In 2009, an employee at the Fayette County Detention Center in Kentucky alleges that her supervisor sexually harassed her. Her lawsuit stated that he humiliated her in front of her co-workers and an inmate on separate occasions. She also claimed that he touched her breast. When she reported this behavior, she was supposedly a victim of retaliation as well. The lawsuit named the director of the detention center and the city. She was one of three women who filed lawsuits against the detention center alleging sexual harassment, racial discrimination, and retaliation.
This Kentucky sexual harassment case went to trial in March 2012. The jury handed down a split decision, which means they agreed with the plaintiff on some points and agreed with the defendants on others. The detention center director was excused from the case by the judge because he did not think the director played a role in the harassment. The jury found that the supervisor had indeed harassed the employee, but did not find any evidence that he actually touched her breast. Jurors also did not think there was enough evidence to prove her supervisor had retaliated against her after she complained about his behavior. They awarded the sexual harassment victim $60,000, most likely to cover any lost wages and to compensate her for any emotional or mental distress the alleged harassment may have caused her. Some of the damages may have been awarded simply to punish the city for allowing this to happen and to persuade city officials not to allow this to happen again at the detention center. Damages of this type are called “punitive damages.” The employee that was allegedly harassed says she is thankful that someone listened to her.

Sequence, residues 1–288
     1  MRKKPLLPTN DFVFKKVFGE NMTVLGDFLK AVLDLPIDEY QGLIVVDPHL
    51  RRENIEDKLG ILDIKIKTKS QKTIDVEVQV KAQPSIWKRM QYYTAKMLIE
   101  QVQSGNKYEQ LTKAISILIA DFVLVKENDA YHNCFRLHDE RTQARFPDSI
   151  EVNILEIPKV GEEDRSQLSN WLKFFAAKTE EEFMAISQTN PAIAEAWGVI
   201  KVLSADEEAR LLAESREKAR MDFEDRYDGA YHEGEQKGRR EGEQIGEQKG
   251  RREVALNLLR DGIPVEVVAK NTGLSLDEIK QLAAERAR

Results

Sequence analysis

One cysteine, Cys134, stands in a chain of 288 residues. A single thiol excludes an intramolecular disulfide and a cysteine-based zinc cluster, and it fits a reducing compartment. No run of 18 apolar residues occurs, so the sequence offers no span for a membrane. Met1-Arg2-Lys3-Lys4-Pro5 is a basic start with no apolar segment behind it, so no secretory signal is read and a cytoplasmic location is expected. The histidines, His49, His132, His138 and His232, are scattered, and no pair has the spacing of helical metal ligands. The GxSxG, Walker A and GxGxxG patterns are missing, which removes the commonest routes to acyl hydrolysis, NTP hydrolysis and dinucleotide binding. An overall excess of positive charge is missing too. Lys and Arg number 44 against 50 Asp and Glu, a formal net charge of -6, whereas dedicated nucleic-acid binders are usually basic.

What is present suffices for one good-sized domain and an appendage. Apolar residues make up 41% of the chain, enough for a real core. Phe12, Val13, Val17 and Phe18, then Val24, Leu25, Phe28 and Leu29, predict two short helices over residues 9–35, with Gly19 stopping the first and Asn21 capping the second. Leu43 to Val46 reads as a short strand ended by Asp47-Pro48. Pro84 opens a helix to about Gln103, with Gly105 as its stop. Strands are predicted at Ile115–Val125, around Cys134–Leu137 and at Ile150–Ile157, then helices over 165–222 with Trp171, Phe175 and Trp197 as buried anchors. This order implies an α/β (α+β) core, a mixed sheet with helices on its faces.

As a further blow to the city and its bank account, the judge agreed that the city was responsible for the plaintiff’s attorneys’ fees that accrued during the preparation and attending of the trial. They totaled just over $200,000. If the city decides to appeal this decision and loses, it will likely be held responsible for those additional attorneys’ fees as well.
Sexual harassment can take many forms. It can be unwanted attention or touching from a supervisor; it can be inappropriate jokes or pictures being circulated through the office; or it can be the loss of a promotion or bonus for refusing to grant sexual favors. Sexual harassment can lead to a hostile work environment that becomes uncomfortable enough that the victim may consider quitting her job to get away from the harasser. If you are ever in this position, you should contact a Kentucky employment lawyer to discuss your situation before taking any action. Charles Miller and Rheanne Falkner are experienced Kentucky employment law attorneys that can help determine what needs to be done to make your job safe and comfortable and to make sure the harasser is held accountable for his actions.
Judge upholds sexual harassment verdict against Lexington jail, orders fees paid; Lexington Herald-Leader; Josh Kegley; June 22, 2012
Fayette jail official vehemently denies sexual harassment allegations; Lexington Herald-Leader; Jennifer Hewlett; March 13, 2012